Child support calculations in Texas follow specific guidelines. These regulations help ensure fair and consistent financial support when parents divorce or separate.
State courts consider various factors to determine the appropriate amount of child support.
Noncustodial parent income
The foundation of child support calculations in Texas is the income of the noncustodial parent, also known as the obligor. The court looks at the obligor’s monthly gross income, which includes wages, bonuses, commissions and other forms of income.
Review of net resources
Next, the judge makes certain deductions from gross income to arrive at the obligor’s net resources. Deductions may include federal or state income taxes, Social Security taxes and health insurance premiums. The goal is to determine the income available for child support.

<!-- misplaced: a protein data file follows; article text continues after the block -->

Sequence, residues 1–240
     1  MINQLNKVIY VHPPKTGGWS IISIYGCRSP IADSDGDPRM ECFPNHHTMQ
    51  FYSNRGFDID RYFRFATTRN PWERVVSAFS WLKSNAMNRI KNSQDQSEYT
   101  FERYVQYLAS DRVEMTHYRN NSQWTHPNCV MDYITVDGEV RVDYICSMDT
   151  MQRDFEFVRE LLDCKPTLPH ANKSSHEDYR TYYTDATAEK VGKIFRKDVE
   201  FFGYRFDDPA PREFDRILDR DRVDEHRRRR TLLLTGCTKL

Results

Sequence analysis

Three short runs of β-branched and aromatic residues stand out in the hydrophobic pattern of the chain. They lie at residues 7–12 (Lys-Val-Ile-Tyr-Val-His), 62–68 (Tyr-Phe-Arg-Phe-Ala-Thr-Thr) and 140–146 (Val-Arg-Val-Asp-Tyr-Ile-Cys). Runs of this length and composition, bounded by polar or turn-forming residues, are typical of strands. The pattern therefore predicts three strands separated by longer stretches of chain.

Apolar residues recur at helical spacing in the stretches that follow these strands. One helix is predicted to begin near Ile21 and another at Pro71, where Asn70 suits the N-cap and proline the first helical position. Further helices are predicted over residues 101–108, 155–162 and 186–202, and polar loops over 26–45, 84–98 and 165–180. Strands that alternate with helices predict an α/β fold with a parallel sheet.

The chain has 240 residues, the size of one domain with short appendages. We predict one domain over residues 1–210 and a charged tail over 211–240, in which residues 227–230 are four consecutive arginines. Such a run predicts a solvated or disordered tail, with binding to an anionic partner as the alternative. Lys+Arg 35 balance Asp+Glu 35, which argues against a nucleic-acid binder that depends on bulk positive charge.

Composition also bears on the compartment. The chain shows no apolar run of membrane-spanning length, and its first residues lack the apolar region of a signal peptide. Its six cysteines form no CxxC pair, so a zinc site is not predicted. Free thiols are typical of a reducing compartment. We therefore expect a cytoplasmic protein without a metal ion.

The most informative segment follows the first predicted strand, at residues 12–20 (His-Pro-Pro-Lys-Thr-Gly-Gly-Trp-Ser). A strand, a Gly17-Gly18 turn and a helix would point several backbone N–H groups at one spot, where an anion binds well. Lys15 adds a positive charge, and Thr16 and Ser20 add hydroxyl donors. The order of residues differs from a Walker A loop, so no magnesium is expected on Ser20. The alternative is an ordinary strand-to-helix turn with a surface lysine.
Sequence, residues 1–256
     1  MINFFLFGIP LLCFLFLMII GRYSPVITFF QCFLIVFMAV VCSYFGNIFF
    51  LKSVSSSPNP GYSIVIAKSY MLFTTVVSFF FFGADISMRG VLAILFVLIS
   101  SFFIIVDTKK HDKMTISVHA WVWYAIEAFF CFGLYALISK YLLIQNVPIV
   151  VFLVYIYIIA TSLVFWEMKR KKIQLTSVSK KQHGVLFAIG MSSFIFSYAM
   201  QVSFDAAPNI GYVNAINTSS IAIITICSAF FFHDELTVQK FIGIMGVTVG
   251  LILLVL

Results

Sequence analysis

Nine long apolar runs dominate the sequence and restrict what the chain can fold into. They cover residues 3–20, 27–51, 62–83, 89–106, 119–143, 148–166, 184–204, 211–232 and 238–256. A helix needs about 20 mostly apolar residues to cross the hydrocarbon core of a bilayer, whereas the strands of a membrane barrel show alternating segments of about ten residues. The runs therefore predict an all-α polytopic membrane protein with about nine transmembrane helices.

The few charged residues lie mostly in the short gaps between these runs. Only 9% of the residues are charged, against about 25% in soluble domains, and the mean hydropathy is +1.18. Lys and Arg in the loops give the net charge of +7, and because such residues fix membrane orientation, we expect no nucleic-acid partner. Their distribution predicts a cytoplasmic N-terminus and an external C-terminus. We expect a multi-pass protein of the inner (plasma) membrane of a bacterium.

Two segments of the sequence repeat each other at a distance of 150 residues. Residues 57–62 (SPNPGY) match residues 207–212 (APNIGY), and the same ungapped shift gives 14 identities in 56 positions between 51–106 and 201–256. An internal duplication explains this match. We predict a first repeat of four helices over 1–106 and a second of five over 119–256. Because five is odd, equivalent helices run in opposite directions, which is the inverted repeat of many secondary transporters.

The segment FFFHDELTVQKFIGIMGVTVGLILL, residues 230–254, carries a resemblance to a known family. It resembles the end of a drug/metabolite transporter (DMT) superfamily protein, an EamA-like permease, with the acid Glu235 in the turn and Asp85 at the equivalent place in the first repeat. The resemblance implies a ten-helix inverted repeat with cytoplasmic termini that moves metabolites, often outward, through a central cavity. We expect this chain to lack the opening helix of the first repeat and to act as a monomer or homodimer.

Percentage of net income
Texas uses a percentage-based system to calculate child support. The court applies the percentage to the obligor’s net income. The specific percentage depends on the number of children requiring support.
For obligors with high incomes, the percentage-based system may not fully capture the child’s needs. In such cases, the court has the discretion to consider additional factors. Examples include the child’s proven needs, the obligor’s ability to pay and the standard of living prior to divorce.
Adjustments for other expenses
The court may require the obligor to contribute to the child’s health insurance premiums and unreimbursed medical expenses. The judge can also adjust for childcare costs related to the custodial parent’s employment or education.
Other child support considerations may include travel costs for visitation, extracurricular activities and educational expenses. More than 1.6 million children in Texas collectively received $4.8 billion in child support in 2020 alone.
Child support orders in Texas are subject to periodic review and modification. Either parent can request a modification to ensure that child support reflects the current circumstances.